556 Electric Car Charging Stations in NSW

Are you ready to hit the open road and explore northern New South Wales in your electric car?

Electric Cars are now more prevalent in the Northern NSW region with an increasing number of charging stations available throughout northern NSW, it’s now easier than ever for EV owners to travel with confidence – Electric Cars will soon be the norm.

Whether you are local or are planning a trip to the region from Sydney or Brisbane, we’ll run through the different charging options available in various towns along the way so that you can plan your trip and take in all the sights without running out of juice!


Australia is home to over 3,700 public chargers at 2,100 charging station locations across the country, with over 250 of those located in New South Wales.

The NSW State government is looking to explode this number to 30,000 chargers by 2026.

Where are electric car charging stations in Northern NSW?

There are more than 22 public charging locations from Tweed Heads to Coffs Harbour and up to Armidale. Some of the major towns where you can find electric car charging stations include:

* Tweed Heads

* Ballina

* Byron Bay

* Grafton

* Port Macquarie

* Taree

* Coffs Harbour

* Port Stephens

How many electric car charging stations are there on the Gold Coast?

If you are driving from Brisbane and need to recharge on the Gold Coast, here are the locations:

 Broadwater Parklands – 124 Marine Parade, Southport

Bundall Chambers – 135 Bundall Road, Surfers Paradise

City of Gold Coast Nerang Administration Building – 833 Southport Nerang Road, Nerang

Coolangatta Beach – Marine Parade, Coolangatta (near Coolangatta Surf Club)

Gold Coast Sports & Leisure Centre (only available during centre opening hours)

296 Nerang Broadbeach Road, Carrara

Kurrawa Surf Club – Old Burleigh Road, Broadbeach

Miami Aquatic Centre – 80 Pacific Avenue, Miami

Pimpama Sports Hub – 139 Rifle Range Road, Pimpama

If you are coming from elsewhere to northern NSW, click on the Plug Share website for more locations.

Will my charging port be suitable for electric car charging stations?

Charging connector types that are available.

Rapid and ultra-rapid chargers

ev charging speeds and connectors - rapid dc charging
  • 50 kW DC charging on one of two EV charging connector types
  • 43 kW AC charging on one connector type
  • 100+ kW DC ultra-rapid charging on one of two EV charging connector types
  • All rapid units have tethered cables


Most electric car charging stations will use a combination of Type 2 AC and CCS DC fast chargers.

If you’re not sure which type of plug your car requires, check the user manual or speak to your authorised EV dealer.

Most cars will have either a Type 1 or Type 2 connector (the two round pins), but some brands like Tesla and Audi require a different type of connector.

Tesla uses the Tesla Supercharger network or any Type 2 connector, while Audi uses a Combined Charging System (CCS) connector.

What’s the difference between AC and DC charging?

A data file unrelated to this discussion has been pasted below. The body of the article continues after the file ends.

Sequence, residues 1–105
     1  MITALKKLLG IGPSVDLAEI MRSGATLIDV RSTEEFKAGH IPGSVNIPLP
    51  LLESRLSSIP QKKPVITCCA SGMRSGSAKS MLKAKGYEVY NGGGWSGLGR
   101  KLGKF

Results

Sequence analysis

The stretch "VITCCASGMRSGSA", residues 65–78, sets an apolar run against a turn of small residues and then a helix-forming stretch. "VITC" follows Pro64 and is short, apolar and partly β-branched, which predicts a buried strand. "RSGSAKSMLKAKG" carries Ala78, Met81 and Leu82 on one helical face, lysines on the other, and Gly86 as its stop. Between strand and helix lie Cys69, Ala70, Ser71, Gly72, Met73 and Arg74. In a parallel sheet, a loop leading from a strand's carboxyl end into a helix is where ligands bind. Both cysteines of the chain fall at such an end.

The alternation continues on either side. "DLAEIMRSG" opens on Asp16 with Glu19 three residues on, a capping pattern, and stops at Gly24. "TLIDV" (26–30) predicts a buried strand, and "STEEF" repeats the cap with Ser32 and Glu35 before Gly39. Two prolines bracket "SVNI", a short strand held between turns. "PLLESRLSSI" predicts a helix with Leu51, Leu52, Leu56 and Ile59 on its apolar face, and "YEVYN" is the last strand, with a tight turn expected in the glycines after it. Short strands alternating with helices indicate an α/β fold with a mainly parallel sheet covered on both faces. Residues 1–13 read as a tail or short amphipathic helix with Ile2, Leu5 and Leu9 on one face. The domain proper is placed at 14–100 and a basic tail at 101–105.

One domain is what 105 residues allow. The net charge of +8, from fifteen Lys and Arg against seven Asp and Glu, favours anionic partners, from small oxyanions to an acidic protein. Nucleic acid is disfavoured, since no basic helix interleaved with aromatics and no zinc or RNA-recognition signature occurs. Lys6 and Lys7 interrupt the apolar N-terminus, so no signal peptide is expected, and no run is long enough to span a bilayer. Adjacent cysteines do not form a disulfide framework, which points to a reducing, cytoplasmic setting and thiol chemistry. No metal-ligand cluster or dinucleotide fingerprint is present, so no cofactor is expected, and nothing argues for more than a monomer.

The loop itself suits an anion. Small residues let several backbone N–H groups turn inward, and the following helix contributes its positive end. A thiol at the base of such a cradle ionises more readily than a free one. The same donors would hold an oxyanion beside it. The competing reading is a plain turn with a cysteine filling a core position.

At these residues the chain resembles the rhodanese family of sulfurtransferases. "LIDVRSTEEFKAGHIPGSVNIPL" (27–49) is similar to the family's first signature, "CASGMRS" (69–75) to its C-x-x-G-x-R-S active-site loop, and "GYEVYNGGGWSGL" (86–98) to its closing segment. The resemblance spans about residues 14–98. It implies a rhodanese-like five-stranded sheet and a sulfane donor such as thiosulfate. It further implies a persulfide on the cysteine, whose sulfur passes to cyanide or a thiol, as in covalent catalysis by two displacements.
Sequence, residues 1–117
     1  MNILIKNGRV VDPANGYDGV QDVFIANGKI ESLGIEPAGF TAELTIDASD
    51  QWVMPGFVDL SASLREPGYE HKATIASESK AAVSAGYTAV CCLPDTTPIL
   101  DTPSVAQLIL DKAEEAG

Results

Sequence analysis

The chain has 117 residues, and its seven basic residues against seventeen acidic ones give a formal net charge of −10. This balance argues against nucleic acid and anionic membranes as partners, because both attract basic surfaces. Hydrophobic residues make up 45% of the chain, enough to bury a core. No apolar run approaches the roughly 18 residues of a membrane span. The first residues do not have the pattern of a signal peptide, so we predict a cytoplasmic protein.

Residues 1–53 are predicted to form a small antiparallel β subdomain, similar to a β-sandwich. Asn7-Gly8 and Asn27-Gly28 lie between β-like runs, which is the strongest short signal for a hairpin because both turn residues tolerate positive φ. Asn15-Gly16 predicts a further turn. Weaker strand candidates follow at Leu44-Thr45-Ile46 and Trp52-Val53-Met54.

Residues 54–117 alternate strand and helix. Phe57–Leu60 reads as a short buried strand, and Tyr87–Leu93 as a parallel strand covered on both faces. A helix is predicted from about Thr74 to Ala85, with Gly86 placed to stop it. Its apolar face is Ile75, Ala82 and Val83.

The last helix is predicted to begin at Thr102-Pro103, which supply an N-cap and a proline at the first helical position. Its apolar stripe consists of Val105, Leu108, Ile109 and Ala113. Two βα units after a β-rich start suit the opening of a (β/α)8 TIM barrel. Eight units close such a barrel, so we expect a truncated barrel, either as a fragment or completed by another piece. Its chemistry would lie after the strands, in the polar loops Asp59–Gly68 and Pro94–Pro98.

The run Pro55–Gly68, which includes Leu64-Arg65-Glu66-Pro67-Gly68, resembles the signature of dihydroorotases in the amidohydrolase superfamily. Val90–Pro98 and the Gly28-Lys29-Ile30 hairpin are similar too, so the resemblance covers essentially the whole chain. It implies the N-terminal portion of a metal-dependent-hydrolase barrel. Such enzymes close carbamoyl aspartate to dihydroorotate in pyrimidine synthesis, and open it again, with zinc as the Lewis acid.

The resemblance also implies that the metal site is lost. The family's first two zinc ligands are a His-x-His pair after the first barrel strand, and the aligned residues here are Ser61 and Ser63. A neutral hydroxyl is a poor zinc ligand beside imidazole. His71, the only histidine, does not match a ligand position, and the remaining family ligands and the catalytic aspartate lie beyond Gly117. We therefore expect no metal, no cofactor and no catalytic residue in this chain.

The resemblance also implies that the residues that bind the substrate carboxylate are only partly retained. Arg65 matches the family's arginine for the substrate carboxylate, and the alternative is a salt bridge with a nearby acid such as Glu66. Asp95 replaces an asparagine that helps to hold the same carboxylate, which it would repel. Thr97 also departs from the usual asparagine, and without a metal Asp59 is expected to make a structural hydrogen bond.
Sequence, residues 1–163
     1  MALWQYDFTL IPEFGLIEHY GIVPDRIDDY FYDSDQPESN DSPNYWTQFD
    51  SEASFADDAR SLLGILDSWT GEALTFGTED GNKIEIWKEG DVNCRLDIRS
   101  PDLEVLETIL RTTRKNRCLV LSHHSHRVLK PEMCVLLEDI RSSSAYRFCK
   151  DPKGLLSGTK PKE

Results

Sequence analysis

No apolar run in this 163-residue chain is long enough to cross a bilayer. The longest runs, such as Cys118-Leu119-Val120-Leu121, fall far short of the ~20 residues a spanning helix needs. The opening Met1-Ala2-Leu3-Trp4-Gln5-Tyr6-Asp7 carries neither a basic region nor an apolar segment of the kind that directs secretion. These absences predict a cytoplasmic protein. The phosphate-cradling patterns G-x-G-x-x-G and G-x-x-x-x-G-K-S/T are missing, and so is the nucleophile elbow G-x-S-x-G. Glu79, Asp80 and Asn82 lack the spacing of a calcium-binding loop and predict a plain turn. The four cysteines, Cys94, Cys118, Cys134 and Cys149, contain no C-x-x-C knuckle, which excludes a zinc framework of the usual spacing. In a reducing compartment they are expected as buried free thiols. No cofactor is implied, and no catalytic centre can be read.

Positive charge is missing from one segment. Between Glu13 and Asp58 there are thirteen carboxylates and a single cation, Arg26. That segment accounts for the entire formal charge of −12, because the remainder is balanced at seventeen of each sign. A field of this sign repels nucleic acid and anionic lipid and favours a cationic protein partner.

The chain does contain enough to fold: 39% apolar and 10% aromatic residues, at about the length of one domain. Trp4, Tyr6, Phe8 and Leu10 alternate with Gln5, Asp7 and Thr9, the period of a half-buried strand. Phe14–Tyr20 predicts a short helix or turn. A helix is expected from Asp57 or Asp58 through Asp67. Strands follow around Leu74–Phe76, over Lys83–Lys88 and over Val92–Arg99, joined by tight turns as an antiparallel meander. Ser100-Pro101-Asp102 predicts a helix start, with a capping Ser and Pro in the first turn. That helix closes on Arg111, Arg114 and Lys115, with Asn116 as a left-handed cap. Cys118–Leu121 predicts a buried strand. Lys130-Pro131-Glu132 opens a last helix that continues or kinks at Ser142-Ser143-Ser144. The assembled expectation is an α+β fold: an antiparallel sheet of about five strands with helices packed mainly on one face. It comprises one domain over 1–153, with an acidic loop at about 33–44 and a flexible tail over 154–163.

AC charging (Alternating Current) is the most common type of charging available, and this is usually done via a wall box or at public charging stations. It’s slower than DC (Direct Current) as it takes around 6-8 hours to fully charge an electric car, depending on its size and battery capacity.

DC rapid charging is a much faster option, with some public charge points allowing you to get an 80% charge in around 30 minutes.

However, this type of charging is not available at every EV station and may require you to pay for its use.

Are electric car charging stations free?

There are some free connectors in public places like parks or car parks but they are usually slow to charge

NRMA customers using NRMA chargers can charge at no cost at the moment.

Electric car charging station costs

If you want a fast charge, you’ll need to pay. Exactly how much you’ll pay depends on your vehicle and where you charge up

Here’s a guide:


Tesla Supercharger – 51 cents per kWh. If you use a non-Tesla station and charge using an adaptor, change costs can go up to 79 cents per kWh

Jolt charges – 40 cents per kWh to 60 cents per kWh

Ampol EV chargers are 69 cents per kWh

Chargefox EV chargers cost 60 cents up to 79 cents per kWh depending on the location.

How long does it take to charge an electric car?

Once again this depends on the vehicle and the speed of the charging port at the stations.

A slow service could take you as long as 12 – 14 hours. Under these circumstances, it would be best done overnight.

Faster connectors should see your electric vehicle charged in 30 – 4- minutes.

Petrol stations have an advantage here as most offer food, drinks and coffee to help pass the time.

 Is northern NSW a great place to visit for the electric car enthusiast?


This article dispels any fear of your vehicle running out of charge while on tour.

With dozens of charging stations spread across 8 major centres in the area, there are plenty of opportunities to recharge in 30 – 40 minutes while enjoying the region’s freshest produce and admiring the view.

As more and more electric vehicles enter the market, more charging stations will appear in the area.

The NSW government plans to add tens of thousands of stations in the coming years.

There’s no better time to enjoy your road trip in and around northern NSW fully charged.

Interested in discovering more locations in the area?

Also, while you are here, check out our business directory.